‘Tis the season for the appointment of new deans at leading business schools. Following on the heels of last week’s appointment of a new dean to lead the University of Michigan’s Ross School of Business, Stanford Graduate School of Business (GSB) today announced that it has appointed a new dean to succeed Garth Saloner, who will step down after seven years in the post.
Stanford has named economist Jonathan Levin, former chair of the Stanford Department of Economics and a noted expert in the field of industrial organization, to serve as its tenth dean. Levin’s appointment is effective September 1, 2016, Stanford President John Hennessy and Provost John Etchemendy announced today.
Levin joined the Stanford University faculty in 2000 and served as chair of the Department of Economics from 2011 to 2014. He is also a professor, by courtesy, at Stanford GSB, as well as a senior fellow at the Stanford Institute for Economic Policy Research and director of the Industrial Organization Program at the National Bureau for Economic Research.
In announcing his appointment, Provost Etchemendy praised Levin as a teacher, administrator and scholar. “Importantly, he brings a vision for the future of management education that is rooted in his extensive scholarship on the evolving needs of a global business community,” he said in a statement.
Levin replaces Saloner, who in September announced his decision to step down amid controversial litigation stemming from his alleged affair with a married member of the Stanford GSB faculty and the alleged wrongful termination of her husband, also a member of the faculty.
“Jonathan brings not only stellar academic credentials but a fresh perspective and leadership skills that will help Stanford GSB maintain its preeminence for years to come,” search committee co-chair Mary Barth said in a statement. Barth, a Stanford GSB professor of accounting, noted that the committee was impressed by Levin’s “thorough grasp of what is required to maintain, and enhance, the high quality of teaching and research at the school.”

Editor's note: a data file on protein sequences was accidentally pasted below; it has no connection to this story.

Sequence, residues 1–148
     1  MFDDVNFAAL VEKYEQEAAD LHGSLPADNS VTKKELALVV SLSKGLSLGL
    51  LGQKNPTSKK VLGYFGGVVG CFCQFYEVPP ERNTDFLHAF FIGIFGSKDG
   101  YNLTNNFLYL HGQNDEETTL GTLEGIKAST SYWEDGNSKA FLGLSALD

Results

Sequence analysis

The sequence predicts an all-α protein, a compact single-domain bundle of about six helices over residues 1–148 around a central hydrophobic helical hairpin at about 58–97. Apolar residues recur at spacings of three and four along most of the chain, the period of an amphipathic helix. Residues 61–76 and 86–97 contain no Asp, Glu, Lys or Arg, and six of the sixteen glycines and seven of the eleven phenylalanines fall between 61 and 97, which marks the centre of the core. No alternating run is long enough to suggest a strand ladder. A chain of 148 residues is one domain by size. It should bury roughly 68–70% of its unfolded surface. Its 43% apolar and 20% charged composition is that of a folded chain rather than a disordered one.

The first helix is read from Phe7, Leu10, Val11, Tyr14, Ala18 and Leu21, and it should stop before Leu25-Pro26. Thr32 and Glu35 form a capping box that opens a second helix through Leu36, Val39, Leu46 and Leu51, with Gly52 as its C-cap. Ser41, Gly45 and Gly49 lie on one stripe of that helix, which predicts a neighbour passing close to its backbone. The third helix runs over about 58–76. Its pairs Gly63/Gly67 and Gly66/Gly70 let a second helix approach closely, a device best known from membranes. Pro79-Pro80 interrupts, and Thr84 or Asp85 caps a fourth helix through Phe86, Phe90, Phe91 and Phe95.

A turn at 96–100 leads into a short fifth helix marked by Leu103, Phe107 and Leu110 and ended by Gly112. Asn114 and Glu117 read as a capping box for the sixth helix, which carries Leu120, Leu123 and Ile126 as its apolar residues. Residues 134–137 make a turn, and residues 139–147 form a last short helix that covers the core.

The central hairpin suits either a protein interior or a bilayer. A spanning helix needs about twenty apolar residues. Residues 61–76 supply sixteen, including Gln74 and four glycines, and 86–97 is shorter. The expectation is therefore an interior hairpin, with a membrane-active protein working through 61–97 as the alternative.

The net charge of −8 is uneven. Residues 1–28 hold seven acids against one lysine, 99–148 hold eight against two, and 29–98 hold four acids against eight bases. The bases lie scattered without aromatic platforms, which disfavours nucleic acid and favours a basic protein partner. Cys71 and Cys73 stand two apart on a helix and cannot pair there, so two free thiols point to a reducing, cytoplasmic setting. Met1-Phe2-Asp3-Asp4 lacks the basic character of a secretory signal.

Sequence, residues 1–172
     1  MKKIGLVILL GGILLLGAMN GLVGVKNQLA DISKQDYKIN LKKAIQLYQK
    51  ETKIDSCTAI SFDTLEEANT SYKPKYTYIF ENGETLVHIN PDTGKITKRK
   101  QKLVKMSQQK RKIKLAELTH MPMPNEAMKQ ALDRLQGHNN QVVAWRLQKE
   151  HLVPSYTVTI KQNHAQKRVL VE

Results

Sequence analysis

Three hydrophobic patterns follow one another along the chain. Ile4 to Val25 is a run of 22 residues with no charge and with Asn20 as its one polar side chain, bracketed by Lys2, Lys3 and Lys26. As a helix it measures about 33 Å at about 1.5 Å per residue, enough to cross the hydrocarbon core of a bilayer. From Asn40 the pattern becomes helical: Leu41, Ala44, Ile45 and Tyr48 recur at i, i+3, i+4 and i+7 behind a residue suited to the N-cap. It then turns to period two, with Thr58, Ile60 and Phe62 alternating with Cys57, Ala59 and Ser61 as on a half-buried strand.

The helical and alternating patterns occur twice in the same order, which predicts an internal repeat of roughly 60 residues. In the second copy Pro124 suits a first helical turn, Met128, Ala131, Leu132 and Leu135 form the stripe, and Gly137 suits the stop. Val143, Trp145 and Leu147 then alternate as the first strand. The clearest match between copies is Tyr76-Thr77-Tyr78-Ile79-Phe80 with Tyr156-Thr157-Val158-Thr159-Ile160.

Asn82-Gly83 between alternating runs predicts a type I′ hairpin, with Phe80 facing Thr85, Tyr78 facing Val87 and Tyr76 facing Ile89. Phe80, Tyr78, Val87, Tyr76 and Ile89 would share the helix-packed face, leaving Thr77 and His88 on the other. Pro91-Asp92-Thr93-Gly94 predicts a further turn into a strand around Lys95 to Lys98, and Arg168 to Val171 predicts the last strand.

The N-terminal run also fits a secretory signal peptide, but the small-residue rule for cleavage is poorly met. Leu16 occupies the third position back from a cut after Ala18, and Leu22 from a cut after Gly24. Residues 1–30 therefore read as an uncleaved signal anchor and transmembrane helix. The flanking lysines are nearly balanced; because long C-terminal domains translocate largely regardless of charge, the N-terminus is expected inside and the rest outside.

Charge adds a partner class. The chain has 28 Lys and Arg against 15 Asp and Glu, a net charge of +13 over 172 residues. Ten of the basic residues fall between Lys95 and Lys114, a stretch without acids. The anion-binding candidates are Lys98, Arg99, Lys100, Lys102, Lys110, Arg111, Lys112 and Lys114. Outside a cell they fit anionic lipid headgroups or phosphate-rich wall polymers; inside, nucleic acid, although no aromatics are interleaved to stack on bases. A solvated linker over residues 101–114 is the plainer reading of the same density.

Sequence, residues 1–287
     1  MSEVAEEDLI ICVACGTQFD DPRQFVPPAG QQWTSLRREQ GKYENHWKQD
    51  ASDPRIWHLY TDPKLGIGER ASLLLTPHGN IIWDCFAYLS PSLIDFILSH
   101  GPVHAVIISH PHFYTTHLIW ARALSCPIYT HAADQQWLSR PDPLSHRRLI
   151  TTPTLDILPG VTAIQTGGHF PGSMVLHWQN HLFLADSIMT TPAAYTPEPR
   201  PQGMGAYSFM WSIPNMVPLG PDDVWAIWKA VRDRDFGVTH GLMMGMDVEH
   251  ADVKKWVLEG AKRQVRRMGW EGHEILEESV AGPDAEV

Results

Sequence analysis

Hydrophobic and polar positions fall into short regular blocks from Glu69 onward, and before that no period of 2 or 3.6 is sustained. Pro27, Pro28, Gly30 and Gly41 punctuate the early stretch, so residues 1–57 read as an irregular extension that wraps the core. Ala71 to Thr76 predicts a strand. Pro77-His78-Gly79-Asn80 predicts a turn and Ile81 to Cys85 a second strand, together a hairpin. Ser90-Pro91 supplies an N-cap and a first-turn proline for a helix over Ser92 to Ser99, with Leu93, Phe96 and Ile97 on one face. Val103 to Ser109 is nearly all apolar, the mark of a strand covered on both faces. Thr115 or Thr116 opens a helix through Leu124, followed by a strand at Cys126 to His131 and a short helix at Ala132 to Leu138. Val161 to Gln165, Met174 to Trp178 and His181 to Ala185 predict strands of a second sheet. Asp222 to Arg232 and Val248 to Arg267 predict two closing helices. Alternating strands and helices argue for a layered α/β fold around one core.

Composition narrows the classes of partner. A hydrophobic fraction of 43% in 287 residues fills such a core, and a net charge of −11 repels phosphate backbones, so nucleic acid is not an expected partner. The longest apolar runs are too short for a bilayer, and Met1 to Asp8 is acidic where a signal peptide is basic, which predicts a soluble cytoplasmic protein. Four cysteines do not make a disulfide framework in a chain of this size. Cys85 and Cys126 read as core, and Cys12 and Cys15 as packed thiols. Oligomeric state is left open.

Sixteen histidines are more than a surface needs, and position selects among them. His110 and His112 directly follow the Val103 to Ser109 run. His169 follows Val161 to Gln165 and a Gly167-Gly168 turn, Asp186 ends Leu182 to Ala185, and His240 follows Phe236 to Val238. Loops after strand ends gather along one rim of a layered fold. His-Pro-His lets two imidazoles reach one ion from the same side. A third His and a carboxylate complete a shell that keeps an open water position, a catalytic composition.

Levin, 43, is renowned for his scholarship in industrial organization, where his research has included topics ranging from auctions and marketplace design to the economics of organizations and econometric methods for analyzing imperfect competition. Most recently he has been studying Internet platforms, the healthcare system and ways to incorporate new datasets into economic research.
Levin earned a BS in math a BA in English from Stanford in 1994, an MPhil in economics from Oxford University in 1996 and a PhD in economics from the Massachusetts Institute of Technology in 1999. He joined the Stanford faculty as an assistant professor in 2000 and became a full professor in 2008. In 2011, he received the American Economic Association’s John Bates Clark Medal in 2011 as the economist under the age of 40 who has made the most significant contribution to economic thought and knowledge.
“Stanford GSB is devoted to transforming lives by preparing future leaders to change organizations and change the world,” Levin said in a statement. “It will be an honor to join such a committed, dedicated faculty and to support their mission of applying both academic rigor and real-world relevance to their research. Deepening our understanding of management and bringing that knowledge into the classroom couldn’t be more exciting.”